Your IPS can be revised. This is generally done because of changes in your financial situation over your lifetime, not usually due to changes in current financial markets. The goal is that the IPS is a long-term document that is not influenced by short-term ups and downs of the stock market. It is impacted (and modified) by changes in your life, your finances and your goals.

Isn’t the goal of investing to help you reach your financial goals? Then working with a financial advisor that uses a written Investment Policy Statement should be an important part of your financial planning.

 

Note: As a reminder, the blog will be emailed to you every other Friday going forward.

 

Talk to us.  We want to listen.  We want to assist you, your family members and friends.

Thinking about risk

Blog post #445

I never know where the ideas for these blog posts will come from. That can be a little risky, as I need to develop an idea every week.

Early Wednesday morning I was on a phone call with Delta, to cancel a flight for a trip we were supposed to be taking for a family event that was to occur this weekend.

I was fortunate that my call was answered quickly and a very nice Delta employee was able to process the cancellation, which we had been unable to do online or via their app. As she was processing the cancellation, the woman asked how me, and my business, were doing. I told her how bad I felt for her, Delta and the other Delta employees, as they didn’t do anything wrong to cause the crisis they are now facing.

Then I realized that many Delta employees at all levels (executives, pilots, phone representatives, etc.) are likely facing a huge double whammy problem right now that could have been avoided.

  • Many of them likely didn’t manage their risk properly. Many of them likely took on way too much single stock risk, by owning lots of Delta stock.
  • This could have been avoided with proper advice and planning. At the same time when many of them could lose their income due to Covid-related job losses (or have their incomes reduced, if they are able to keep their job), they have incurred huge losses in their Delta stock ownings, which has been crushed. Double whammy of loss!! Ouch!

This got me thinking about risk. 

Some risk can be avoided. Some risk can’t be prevented.

Some risk can be minimized. But risk is always there.

Your risk needs to be managed properly.

Dealing with risk is vital. Helping you to deal with financial and emotional risk is one of our main roles and can be of great value to you.

We often talk about diversification and its importance. The examples below are real world and should be evidence of why you should not own a huge amount of any one stock, and especially if it is your employer. We have seen unexpected issues arise in the past that severely impacted one company, or an industry, or now with Covid, are impacting many different industries.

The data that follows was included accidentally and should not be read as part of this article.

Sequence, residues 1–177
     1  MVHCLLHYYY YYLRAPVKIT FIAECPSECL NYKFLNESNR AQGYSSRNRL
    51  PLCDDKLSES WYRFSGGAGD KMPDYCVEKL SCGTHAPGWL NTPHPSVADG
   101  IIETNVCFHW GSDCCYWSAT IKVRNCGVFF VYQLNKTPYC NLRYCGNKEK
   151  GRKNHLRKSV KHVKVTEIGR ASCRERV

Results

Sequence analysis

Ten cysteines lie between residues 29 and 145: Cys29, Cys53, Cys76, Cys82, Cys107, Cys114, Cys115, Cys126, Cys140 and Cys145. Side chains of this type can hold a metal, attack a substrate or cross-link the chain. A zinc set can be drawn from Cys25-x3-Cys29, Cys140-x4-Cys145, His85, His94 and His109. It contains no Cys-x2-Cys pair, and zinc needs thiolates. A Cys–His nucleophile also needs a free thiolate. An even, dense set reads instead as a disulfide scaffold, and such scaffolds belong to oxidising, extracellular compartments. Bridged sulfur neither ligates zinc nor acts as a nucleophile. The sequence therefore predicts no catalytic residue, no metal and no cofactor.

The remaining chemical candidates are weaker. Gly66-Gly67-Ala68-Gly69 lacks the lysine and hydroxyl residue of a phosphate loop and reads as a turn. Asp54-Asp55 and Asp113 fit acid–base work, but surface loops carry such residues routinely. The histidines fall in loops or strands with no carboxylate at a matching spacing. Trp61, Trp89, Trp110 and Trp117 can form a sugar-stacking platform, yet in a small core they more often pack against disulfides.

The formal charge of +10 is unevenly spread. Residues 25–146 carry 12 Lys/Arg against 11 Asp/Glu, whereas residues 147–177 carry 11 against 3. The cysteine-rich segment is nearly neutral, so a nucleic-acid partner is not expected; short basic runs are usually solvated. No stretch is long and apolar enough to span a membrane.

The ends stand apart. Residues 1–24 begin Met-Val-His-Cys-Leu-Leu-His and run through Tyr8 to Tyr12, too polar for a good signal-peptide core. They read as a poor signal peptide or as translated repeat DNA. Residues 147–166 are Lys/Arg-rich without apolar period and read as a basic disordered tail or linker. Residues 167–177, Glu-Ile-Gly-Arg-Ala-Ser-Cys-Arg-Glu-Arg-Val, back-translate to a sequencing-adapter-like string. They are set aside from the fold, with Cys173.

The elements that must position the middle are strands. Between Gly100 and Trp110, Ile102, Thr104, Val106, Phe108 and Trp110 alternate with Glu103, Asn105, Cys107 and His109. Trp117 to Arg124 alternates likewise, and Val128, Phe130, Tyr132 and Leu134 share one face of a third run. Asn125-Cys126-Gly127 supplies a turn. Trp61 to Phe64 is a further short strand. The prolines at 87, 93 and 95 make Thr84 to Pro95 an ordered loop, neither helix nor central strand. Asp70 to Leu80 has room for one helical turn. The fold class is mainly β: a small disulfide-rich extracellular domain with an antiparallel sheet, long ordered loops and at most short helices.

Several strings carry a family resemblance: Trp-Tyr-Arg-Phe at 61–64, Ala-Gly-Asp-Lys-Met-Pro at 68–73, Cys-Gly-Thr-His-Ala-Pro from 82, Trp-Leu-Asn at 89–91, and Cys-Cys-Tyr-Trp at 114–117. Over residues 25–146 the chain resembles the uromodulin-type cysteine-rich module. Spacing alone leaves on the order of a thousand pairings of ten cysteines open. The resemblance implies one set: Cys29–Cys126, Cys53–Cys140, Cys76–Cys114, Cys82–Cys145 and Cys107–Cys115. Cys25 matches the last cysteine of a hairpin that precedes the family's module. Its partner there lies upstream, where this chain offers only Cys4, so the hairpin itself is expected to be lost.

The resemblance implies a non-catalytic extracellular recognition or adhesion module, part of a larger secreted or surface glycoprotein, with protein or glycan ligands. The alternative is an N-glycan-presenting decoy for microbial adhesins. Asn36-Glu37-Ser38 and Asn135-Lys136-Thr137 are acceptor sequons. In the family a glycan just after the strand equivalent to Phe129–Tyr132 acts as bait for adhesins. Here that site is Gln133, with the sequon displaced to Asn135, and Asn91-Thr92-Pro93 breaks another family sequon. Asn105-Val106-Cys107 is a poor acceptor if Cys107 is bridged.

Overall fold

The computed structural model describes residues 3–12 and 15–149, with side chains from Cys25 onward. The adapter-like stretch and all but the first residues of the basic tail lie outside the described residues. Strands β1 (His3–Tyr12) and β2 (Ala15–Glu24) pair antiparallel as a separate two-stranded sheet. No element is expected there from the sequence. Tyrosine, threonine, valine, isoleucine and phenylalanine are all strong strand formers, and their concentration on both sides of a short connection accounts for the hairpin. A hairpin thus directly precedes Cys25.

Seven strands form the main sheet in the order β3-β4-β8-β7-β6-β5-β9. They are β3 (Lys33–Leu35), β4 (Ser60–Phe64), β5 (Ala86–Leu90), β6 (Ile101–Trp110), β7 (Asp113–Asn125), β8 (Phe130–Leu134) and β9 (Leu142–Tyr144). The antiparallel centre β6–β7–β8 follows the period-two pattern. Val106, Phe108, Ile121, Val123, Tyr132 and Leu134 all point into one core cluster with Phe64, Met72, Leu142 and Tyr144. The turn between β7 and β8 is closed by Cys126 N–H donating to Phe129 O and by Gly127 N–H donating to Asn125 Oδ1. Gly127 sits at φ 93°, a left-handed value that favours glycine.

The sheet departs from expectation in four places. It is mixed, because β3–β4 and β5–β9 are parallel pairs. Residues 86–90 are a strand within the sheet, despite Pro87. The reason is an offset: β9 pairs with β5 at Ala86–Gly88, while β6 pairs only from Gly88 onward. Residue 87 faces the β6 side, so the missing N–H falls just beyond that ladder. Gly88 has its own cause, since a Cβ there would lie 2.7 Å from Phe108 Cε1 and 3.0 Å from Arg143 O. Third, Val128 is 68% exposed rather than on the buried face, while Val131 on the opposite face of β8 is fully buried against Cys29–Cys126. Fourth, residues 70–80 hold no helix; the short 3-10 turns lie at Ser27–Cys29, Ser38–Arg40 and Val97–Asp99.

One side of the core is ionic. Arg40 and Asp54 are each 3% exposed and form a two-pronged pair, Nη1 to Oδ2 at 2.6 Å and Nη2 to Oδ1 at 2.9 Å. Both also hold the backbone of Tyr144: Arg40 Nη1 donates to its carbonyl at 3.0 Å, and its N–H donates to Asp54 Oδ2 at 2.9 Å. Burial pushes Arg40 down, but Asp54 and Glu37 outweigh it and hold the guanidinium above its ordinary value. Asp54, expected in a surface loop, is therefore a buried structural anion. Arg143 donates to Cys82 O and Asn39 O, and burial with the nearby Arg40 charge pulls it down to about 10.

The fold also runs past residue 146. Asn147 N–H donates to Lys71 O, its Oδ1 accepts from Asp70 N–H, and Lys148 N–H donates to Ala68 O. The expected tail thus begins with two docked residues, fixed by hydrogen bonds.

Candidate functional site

Delta: Is now down 63% from its 2020 high and was down 72% at its 2020 low.

Marriott: Is now down 40% from its 2020 high and was down 69% at its 2020 low.

JP Morgan Chase: Is now down 40% from its 2020 high and was down 69% at its 2020 low.

These are Covid related losses, and likely would not have occurred if not for this crisis. But there are many examples of companies and industries that have suffered great losses for all kinds of reasons, due to technological changes, bad decisions, product failures (think of the Boeing Max), or lack of keeping up with societal trends. Think of GE, Boeing and many large retailers. Some have succeeded, others have not.

The energy sector has been hurt over many years, which worsened due to the Covid pandemic this year. There are many far worse examples than this, but Exxon Mobil is down 53% from where it was trading in 2016, dropping from $95 to around $45 now.

What are the lessons from this?

  • Be diversified. Do not own too much of one stock and definitely not too much of your employer’s stock. Our globally diversified portfolios eliminate the risk of a concentrated portfolio, by providing lots of diversification. Our clients are very well diversified, both in stock and fixed income holdings, in numerous, structured ways.
  • People don’t think single stock risk or the lack of diversification will actually impact them. But it happens. Remember Enron? Lehman Brothers? Some “unexpected event” could cause a huge financial crisis at almost company.
  • Reaching for yield is a significant risk. If a stock or bond is paying a dividend or interest rate that is far above market yields, then there is much greater risk involved.
    • We have seen people buy stocks for the “great” dividend yield and then something happens to the company….and the dividend is cut or even eliminated…and usually the stock price has dropped as well.
    • This is why we focus on your goals and your overall portfolio, not on dividend paying stocks or the yield of your stock portfolio.